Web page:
Adolescence is a time of much physical, emotional, and intellectual growth in a person’s life. In early adolescence, children begin to leave behind their child-like thinking and think more often like adults. They often think about abstract ideas, relationships, and their lives. This is not something that happens all of a sudden or in one certain moment of time. Children will go back and forth in their abilities to think this way. This can lead to much confusion for them and for all of us around them.
The physical changes that come with puberty may cause confusion and anxiety for adolescents. At this stage in his life, your adolescent may need extra support from family, and medical personnel, including mental health care professionals. It may also help to put your child in touch with adults who have DSDs, so he can see that people like him have “survived” adolescence and done well.
The fast physical changes that happen to your child during puberty can catch her off guard. It is important to prepare your child and yourself for the changes that will occur during puberty by educating her and yourself in advance. If you have been talking with your child throughout her childhood about gender, sexuality, and her DSD, it will be easier for you to discuss puberty and sexual maturity. If you have not been talking, now is the time you really need to get that talking going. Your child will likely want you to help her understand what is going on with her body, and to assure her she is okay. The resource section at the end of the handbook suggests books on educating adolescents about pubertal physical changes, body image, dating, and sexuality.
Adolescent development affects more than your child’s body. You may notice that your child is more prone to mood swings and emotional outbursts during this time. It is difficult on any child to go through this mix of physical changes, mental changes, and role changes. If your child is showing a lot of mood changes, remember that this is common for adolescents. Even though it may be difficult, try to find a way to sit down with your child often so you can give him or her a chance to talk about his or her feelings, interests, and concerns. Try to take all of them seriously. Listen and do not spend a lot of energy judging him or her. If your child feels like he or she will be judged every time you talk, your child will avoid talking with you.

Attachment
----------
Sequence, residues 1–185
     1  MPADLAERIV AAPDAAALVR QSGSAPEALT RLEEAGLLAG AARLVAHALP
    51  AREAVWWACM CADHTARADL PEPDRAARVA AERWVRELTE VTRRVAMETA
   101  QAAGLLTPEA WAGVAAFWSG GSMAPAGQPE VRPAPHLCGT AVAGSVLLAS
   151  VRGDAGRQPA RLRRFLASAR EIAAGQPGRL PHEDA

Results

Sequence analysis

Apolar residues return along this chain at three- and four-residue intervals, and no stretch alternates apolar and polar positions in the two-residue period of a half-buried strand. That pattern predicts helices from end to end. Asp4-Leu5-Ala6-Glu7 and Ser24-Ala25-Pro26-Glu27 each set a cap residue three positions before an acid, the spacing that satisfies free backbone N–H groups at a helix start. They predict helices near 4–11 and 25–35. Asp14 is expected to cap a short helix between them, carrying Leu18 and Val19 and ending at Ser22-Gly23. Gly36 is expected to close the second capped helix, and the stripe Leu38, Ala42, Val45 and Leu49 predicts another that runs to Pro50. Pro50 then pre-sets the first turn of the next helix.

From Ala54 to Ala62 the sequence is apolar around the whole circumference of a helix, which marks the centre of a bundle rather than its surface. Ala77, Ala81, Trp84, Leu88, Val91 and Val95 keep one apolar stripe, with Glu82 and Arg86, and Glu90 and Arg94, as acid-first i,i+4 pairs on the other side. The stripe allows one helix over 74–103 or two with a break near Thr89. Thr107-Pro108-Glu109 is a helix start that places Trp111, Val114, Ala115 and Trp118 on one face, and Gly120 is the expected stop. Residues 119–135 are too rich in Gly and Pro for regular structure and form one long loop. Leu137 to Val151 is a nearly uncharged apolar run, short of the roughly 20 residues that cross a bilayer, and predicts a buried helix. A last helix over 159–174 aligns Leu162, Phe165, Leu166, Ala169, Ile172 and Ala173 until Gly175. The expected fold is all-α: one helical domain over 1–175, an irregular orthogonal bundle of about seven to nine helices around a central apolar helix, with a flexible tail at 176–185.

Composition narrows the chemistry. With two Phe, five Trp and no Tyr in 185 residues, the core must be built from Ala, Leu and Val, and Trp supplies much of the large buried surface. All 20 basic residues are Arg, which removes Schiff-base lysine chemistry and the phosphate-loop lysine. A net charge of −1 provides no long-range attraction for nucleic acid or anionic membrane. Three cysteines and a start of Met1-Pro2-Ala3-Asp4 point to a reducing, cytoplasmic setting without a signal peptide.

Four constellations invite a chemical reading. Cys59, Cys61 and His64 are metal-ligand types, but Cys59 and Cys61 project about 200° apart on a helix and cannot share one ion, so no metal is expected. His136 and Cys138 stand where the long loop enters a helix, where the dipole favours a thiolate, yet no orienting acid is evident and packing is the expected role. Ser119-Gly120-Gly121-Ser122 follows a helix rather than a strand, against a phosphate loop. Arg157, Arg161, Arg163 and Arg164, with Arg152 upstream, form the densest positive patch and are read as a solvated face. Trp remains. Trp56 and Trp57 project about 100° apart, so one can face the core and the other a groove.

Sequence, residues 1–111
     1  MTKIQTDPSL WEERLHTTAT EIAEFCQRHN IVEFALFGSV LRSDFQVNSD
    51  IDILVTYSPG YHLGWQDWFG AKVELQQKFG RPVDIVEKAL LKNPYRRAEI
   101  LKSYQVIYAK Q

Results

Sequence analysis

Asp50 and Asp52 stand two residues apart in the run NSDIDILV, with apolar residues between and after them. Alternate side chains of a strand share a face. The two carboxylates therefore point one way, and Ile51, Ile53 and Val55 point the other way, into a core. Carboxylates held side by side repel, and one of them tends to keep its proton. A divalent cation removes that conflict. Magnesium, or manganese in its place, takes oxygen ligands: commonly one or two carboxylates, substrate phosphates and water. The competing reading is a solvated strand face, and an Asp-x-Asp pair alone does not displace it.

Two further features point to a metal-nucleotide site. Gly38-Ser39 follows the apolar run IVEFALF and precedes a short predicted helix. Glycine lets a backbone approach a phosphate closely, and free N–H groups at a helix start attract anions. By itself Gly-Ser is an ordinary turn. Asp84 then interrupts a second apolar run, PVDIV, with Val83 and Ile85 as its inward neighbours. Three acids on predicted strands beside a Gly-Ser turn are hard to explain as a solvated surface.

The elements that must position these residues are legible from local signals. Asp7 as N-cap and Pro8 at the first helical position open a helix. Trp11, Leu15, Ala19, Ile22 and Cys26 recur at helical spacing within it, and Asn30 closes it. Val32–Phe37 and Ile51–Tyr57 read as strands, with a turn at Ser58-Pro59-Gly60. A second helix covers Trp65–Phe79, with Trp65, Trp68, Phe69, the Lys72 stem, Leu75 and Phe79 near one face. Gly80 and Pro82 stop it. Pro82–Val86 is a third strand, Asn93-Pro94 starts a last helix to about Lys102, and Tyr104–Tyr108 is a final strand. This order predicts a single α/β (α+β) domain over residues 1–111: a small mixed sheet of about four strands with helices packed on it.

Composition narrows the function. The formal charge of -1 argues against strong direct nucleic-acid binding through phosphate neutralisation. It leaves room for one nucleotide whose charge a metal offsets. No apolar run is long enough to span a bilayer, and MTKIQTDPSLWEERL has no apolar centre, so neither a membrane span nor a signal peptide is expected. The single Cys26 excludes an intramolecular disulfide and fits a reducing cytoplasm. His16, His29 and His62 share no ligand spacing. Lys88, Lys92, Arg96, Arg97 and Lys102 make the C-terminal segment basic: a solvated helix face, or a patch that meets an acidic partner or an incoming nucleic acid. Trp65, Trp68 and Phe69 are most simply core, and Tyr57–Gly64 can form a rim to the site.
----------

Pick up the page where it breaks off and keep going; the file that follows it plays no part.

Many adolescents are self-conscious and critical of themselves. Adolescents are very concerned about their physical appearance. Many worry about being too fat or not having stylish enough clothes. Although people expect girls to worry about their appearance more than boys, many boys have the same worries during adolescence. Try to be balanced. Ask yourself whether you are asking a girl about her appearance too often, while you are not asking a boy about his opinion of this at all. You may tell children at this age that you understand the social pressure to “look right,” and ask them if they are feeling that pressure. Their thoughts about this will help them talk more about their self-esteem (how they are feeling about themselves). Not all teens will struggle much with these issues. If your teen does struggle and suffer a lot from this struggle, there are many ways to help him or her. Seeking assistance from a professional counselor or therapist is often beneficial.